The Emir of Kano lives in a 15th-century palace within a walled 30-acre compound in the center of the city. As in Barth’s day, the compound’s high walls enclose the living quarters of the emir and his wives, concubines, and children, as well as reception halls, courts, forests, and grazing lands.
The current emir, Ado Bayero, has been on the throne since 1963. He is the direct descendant of the emir who accommodated Barth in 1851. Like his ancestor, Ado Bayero is the most important man in Kano.
The first Emir of Kano was appointed by Usman dan Fodio, the Islamic scholar and revolutionary whose jihad in the first decade of the 19th-century against corrupt pagan rulers and slipshod Muslims transformed central Africa. Dan Fodio’s armies overran the region, and his crusade inspired jihads throughout greater Sudan.
He built his new capital at Sokoto, still a major city in northern Nigeria. He divided his kingdom into 30 emirates. Most of the current emirs are direct descendants of dan Fodio’s original appointees. Likewise, the current Sultan of Sokoto, who is still considered the spiritual leader of Islamic northern Nigeria, is a direct descendant of dan Fodio.
During business hours, the long tree-lined drive to the palace’s entrance is crowded with cars, soldiers, and men in glittering robes. Just inside the gate are attractive plazas flanked by courtrooms and galleries. The emir hears cases almost every day.
One of my guides, Nasiru Wada, had grown up in the palace, because his father is the emir’s chief spiritual advisor. Now he and his young family had rooms at the rear of the palace, in the quarters of the royal slaves.
I thought I had misheard. Royal slaves? In Barth’s time, all African rulers owned many slaves, but I assumed the system had been abolished. Nasiru asserted that royal slaves, as in the old days, enjoyed social prestige and were grateful to be under the emir’s care. No doubt true, but such benefits can’t justify the practice.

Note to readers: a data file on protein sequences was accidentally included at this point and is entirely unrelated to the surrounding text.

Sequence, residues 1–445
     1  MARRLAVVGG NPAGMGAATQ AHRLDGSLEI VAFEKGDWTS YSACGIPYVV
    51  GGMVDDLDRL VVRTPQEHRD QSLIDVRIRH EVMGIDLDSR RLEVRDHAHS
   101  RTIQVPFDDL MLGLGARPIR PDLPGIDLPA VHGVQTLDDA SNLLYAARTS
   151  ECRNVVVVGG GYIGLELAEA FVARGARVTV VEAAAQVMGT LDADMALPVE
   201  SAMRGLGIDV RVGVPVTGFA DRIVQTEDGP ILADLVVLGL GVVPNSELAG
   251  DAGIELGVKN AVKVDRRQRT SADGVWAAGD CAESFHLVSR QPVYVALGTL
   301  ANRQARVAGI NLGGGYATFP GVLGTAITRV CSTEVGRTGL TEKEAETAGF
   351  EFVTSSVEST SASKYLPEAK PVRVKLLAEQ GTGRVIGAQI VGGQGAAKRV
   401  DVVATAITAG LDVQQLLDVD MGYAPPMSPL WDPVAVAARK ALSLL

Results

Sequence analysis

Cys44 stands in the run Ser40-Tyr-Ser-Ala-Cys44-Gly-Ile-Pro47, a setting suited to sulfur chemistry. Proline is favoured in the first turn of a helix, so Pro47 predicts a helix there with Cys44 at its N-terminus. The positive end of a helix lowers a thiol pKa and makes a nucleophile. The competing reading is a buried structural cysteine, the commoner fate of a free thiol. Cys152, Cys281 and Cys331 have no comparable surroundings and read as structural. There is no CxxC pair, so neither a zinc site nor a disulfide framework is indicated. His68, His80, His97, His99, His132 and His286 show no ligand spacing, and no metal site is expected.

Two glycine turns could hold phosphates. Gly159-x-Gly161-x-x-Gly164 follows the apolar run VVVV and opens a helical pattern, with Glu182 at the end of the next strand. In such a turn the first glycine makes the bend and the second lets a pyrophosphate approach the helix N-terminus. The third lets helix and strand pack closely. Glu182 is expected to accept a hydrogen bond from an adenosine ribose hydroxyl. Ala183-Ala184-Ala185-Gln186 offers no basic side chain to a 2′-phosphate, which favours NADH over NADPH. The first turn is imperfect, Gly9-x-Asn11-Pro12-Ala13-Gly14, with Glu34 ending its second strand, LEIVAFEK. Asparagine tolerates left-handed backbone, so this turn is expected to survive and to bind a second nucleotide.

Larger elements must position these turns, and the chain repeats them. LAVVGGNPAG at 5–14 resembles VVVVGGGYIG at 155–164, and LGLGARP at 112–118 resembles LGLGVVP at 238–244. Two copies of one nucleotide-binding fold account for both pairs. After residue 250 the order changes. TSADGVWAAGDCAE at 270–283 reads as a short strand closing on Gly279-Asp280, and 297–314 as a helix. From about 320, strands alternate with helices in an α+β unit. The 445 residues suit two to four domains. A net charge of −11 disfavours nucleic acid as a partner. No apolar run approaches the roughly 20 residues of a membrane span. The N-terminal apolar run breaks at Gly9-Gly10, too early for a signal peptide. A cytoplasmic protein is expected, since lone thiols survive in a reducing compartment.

Like many travelers to Islamic Africa, Barth noted that slaves there were treated relatively well compared to slaves in the West. They had certain rights and privileges. Some reached positions of power and became slave-owners themselves. A few children of royal slaves became kings.
Still, it stunned me to find traces of this in modern Kano. Nasiru, a scholarly modern man who works in IT and drives a Corolla, took my surprise in stride. He pointed me to a study of the palace’s history and culture by Heidi J. Nast, now a professor at DePaul. Near the end of Concubines and Power: Five Hundred Years in a Northern Nigerian Palace (2005), Nast writes that the tradition of royal slaves and harems continues in Kano. (In addition to the four wives allowed by Islam, the emir has about 60 concubines, who enjoy the traditional prestige of their position.) Business relationships in Kano, notes Nast, are sometimes still cemented by the gift of a concubine. Barth would have recognized the gesture.